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Italy, Family-Style: 36 Hours in Rome with Kids

BABBLE-TREVI-BIG-434x578ROME, Italy — Finding your way around the cobblestone streets of Rome is delightful when traveling with children. After all, when the kids lose interest in the sights of the Eternal City, it offers them their all-time favorite food groups to consume: pizza, pasta, and ice cream. Nothing will make a family visit to Italy more delightful and easy to manage than taste treats for the youngsters.

Hands down, the first place to visit in Rome would be the Coliseum. Kids should know that gruesome gladiatorial and wild animal fights took place free-of-charge as a form of public entertainment in ancient times. The Coliseum was completed in AD 80. What movies mean to us in the 21st century is equivalent to what gladiator combat was to the masses in the 1st century.

Next up, hop on just about any public bus in front of the Coliseum and head back into the center of town for a stroll over to the Trevi Fountain. Rome’s largest and most famous fountain was built in 1762. Kids will enjoy the tradition of throwing coins into the fountain and making a wish. It’s particularly lovely after dark when the fountain is illuminated by banks of flood lights. During the afternoon hours, grab a light snack in the neighborhood and then walk over to the Spanish Steps, located in one of Rome’s most exclusive shopping areas. Settle down on the Steps and watch the colorful parade of people go by.

Depending on your time frame and the ages of your children, it can be quite a challenge to visit popular places of interest. But you should be aware that several popular tourist destinations throughout the world, ones that notoriously have long lines for admission, generally run a bit lighter later in the afternoon. The kids and I have been incredibly fortunate to have visited St. Peter’s Basilica — home to  one of the world’s greatest collections of Classical and Renaissance art including the Sistine Chapel and Raphael Rooms — on several occasions. And since each visit to St. Peter’s Basilica occurred late in the afternoon, the lines to enter the facility were considerably shorter, resulting a surprisingly less waiting time.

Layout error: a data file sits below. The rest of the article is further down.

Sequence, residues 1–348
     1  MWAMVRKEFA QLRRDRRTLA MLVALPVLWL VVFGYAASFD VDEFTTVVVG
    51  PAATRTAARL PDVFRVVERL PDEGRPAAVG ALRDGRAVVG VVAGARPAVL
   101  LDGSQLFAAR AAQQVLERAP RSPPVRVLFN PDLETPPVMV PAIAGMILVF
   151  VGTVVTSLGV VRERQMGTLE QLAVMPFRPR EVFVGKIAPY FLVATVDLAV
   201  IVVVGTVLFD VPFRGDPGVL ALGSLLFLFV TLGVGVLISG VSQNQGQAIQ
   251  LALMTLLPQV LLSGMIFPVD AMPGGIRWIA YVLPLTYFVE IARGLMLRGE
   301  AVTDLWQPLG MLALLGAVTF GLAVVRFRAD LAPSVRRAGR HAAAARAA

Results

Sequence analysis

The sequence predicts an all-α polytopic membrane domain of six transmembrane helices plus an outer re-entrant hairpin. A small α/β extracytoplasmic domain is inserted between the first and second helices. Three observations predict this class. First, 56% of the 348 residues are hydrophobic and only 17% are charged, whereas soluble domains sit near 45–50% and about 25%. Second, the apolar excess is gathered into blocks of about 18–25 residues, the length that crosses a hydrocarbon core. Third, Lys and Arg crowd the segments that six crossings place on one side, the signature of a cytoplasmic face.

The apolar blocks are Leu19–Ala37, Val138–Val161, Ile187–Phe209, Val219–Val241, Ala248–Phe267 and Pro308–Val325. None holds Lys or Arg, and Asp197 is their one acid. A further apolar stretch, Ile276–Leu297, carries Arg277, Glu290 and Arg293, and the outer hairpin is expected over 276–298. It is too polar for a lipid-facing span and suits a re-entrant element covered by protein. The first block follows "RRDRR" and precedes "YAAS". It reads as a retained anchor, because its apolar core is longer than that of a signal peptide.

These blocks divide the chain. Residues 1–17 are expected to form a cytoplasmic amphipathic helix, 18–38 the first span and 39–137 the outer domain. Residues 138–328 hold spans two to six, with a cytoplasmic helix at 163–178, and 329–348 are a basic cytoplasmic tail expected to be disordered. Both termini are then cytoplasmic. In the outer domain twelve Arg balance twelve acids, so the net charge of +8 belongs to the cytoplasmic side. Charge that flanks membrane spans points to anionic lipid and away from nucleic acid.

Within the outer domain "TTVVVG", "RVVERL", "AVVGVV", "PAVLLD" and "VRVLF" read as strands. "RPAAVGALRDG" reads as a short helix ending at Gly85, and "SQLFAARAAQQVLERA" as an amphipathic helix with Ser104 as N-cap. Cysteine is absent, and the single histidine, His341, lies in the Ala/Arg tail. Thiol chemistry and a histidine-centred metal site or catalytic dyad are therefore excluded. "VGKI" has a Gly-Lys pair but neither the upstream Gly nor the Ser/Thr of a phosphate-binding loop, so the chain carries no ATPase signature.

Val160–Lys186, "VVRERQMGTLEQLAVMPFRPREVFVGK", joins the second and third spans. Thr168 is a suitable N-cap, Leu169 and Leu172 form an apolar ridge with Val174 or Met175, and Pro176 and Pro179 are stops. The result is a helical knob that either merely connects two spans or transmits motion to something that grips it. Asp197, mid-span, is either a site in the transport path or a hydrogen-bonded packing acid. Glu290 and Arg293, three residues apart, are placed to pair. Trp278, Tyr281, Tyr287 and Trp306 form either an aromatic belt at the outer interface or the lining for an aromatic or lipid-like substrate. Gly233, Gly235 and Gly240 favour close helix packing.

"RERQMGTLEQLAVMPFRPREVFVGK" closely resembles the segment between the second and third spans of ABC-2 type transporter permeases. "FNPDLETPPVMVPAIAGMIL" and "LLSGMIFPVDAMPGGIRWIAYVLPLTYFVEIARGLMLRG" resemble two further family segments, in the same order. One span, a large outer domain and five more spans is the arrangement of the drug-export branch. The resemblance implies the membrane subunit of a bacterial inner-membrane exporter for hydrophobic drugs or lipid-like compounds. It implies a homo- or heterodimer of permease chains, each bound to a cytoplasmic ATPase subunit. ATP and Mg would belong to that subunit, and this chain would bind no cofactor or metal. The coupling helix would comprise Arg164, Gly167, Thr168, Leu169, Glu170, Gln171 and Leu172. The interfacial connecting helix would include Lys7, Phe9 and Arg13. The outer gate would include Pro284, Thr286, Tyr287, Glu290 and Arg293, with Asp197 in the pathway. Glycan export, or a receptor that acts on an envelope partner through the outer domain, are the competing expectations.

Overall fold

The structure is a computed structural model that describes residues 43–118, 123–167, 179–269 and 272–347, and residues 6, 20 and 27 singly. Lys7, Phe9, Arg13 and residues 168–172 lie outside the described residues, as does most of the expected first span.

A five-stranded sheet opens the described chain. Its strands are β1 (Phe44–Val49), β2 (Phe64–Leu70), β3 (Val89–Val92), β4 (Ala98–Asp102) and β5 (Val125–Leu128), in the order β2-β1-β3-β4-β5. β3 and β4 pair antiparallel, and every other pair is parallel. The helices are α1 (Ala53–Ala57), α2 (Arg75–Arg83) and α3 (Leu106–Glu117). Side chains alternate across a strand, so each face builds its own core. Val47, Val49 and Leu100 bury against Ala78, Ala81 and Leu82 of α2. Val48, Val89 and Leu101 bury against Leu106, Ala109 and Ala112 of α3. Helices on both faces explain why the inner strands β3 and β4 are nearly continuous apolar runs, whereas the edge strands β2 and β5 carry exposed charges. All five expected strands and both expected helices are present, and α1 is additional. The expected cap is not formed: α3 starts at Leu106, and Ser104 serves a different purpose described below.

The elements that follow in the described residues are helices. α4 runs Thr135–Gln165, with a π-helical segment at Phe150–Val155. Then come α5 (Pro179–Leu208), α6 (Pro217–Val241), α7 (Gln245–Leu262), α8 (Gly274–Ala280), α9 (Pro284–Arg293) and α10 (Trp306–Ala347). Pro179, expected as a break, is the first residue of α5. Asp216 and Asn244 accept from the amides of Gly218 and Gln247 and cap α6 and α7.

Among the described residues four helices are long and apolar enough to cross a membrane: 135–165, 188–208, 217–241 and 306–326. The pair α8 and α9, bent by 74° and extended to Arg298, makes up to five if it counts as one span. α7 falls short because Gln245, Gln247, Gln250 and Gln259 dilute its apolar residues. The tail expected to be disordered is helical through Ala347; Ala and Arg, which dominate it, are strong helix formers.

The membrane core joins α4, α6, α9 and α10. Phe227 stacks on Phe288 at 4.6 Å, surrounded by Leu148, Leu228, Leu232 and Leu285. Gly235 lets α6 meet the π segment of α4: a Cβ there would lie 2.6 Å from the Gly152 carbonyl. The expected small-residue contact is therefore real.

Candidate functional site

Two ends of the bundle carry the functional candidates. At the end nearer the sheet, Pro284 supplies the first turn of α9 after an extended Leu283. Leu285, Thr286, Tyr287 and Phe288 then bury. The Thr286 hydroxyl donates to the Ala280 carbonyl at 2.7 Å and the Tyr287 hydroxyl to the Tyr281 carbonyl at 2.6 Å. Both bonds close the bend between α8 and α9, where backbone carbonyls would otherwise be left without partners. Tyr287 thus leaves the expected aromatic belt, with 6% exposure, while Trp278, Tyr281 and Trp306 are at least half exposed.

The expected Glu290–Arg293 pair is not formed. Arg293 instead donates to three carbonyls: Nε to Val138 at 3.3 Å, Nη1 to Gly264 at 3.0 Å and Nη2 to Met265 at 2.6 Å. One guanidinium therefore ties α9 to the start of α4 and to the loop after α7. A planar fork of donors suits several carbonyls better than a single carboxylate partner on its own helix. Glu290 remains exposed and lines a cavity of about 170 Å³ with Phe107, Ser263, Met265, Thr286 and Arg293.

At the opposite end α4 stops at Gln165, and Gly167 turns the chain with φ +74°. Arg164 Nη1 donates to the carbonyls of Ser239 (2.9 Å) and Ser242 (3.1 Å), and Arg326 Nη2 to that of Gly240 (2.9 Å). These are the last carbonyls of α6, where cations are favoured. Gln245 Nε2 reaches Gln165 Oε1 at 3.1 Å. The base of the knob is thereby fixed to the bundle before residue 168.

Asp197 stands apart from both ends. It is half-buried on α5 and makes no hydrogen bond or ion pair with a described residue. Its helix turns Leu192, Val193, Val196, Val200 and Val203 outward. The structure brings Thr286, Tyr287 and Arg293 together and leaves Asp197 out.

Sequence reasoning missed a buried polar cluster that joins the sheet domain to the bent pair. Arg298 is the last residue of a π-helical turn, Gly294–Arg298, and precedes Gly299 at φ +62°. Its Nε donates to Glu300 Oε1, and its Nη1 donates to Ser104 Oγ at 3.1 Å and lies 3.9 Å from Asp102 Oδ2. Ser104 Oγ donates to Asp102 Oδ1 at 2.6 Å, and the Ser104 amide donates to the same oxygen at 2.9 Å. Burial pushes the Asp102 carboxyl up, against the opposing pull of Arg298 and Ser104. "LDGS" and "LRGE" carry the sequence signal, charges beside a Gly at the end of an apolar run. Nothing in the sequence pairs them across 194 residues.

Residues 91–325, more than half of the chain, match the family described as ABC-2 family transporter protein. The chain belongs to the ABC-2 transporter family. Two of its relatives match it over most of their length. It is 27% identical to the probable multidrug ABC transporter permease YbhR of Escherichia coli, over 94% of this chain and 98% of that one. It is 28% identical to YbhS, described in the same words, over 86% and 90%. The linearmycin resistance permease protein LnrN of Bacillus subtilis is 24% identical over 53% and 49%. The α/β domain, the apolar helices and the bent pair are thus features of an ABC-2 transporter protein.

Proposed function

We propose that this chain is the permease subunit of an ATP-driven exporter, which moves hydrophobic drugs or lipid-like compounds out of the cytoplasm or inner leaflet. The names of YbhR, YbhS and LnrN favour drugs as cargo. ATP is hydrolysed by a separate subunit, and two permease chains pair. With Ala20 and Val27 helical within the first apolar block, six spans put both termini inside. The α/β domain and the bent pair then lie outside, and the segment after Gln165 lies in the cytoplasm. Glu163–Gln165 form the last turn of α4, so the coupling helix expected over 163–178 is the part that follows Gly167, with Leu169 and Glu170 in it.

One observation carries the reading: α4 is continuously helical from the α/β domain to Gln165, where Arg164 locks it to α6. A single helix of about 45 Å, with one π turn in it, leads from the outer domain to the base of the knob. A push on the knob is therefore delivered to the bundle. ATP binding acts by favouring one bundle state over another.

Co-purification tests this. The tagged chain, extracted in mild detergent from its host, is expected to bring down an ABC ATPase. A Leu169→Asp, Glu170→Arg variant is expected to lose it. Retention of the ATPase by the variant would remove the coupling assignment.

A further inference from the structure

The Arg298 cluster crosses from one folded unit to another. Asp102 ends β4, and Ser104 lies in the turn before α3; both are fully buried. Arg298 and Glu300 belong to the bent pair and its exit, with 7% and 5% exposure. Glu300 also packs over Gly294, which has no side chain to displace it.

When traveling around the city with its lovely and extensive mix of ancient and modern, you must remember: Rome was not built in a day — and you won’t see it all in 24 hours. Pace yourself, see what you can, and embrace the beauty of Italy’s magnificent capital.

Photo Credit: Ann Weeks

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